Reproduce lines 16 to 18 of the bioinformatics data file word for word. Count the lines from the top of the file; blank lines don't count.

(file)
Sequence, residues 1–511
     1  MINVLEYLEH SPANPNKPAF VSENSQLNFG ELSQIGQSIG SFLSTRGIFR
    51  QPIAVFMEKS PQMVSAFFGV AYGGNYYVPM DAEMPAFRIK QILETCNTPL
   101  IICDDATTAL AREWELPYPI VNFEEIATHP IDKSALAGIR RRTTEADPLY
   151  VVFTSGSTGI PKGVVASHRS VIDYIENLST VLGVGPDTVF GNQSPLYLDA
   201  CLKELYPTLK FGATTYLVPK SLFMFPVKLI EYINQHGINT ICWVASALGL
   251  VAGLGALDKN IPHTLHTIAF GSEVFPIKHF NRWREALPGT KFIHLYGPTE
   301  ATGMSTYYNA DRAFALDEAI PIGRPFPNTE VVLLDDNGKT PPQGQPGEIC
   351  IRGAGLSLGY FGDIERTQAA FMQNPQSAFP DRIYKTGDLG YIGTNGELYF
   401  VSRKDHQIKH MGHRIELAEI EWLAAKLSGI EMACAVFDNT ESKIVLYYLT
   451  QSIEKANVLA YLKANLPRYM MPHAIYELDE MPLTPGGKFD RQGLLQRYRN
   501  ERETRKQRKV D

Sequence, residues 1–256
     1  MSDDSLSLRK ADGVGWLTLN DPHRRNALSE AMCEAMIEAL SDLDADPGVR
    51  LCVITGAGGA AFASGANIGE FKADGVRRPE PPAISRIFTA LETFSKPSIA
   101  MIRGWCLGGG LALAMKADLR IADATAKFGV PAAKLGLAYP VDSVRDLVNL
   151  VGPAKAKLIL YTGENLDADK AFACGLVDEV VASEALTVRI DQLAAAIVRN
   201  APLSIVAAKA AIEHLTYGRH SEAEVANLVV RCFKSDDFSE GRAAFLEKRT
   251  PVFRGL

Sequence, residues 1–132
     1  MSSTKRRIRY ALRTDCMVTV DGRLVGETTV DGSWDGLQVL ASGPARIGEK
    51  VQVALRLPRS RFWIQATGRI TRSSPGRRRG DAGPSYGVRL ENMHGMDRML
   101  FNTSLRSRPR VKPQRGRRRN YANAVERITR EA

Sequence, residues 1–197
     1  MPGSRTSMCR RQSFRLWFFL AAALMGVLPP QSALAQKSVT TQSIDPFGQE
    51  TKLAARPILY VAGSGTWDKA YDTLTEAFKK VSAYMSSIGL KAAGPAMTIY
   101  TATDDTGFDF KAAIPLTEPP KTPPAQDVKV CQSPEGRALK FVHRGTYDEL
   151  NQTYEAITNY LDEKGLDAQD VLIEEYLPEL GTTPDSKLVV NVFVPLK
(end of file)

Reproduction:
   101  MIRGWCLGGG LALAMKADLR IADATAKFGV PAAKLGLAYP VDSVRDLVNL
   151  VGPAKAKLIL YTGENLDADK AFACGLVDEV VASEALTVRI DQLAAAIVRN
   201  APLSIVAAKA AIEHLTYGRH SEAEVANLVV RCFKSDDFSE GRAAFLEKRT